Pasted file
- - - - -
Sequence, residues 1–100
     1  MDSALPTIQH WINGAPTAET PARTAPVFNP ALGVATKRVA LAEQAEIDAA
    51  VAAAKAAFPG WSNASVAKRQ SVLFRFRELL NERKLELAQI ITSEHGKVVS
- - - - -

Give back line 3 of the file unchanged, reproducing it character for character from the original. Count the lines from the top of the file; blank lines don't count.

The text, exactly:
    51  VAAAKAAFPG WSNASVAKRQ SVLFRFRELL NERKLELAQI ITSEHGKVVS